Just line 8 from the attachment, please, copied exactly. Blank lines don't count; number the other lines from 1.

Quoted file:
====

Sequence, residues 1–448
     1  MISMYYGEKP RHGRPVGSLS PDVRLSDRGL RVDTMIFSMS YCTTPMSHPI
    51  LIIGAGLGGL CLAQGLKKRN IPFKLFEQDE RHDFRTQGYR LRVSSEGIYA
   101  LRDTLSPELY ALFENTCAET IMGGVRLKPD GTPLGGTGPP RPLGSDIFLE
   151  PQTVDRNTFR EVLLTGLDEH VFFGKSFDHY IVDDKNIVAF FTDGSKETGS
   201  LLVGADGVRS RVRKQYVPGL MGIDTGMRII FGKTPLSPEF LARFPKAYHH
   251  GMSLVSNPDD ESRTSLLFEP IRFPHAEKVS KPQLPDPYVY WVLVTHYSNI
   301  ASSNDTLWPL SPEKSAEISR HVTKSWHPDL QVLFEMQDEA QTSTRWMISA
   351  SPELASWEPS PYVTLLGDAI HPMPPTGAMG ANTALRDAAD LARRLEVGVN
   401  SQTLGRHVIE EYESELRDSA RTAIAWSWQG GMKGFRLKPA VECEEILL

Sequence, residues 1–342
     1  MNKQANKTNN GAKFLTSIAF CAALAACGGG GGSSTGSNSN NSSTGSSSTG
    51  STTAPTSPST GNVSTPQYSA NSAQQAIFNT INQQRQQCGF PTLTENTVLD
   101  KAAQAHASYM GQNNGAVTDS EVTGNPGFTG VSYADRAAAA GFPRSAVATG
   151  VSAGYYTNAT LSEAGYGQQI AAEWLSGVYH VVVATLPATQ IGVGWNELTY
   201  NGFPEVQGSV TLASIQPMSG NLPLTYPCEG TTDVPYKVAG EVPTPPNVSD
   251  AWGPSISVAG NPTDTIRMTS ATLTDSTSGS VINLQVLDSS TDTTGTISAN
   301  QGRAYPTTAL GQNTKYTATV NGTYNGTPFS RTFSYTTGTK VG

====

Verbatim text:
   301  ASSNDTLWPL SPEKSAEISR HVTKSWHPDL QVLFEMQDEA QTSTRWMISA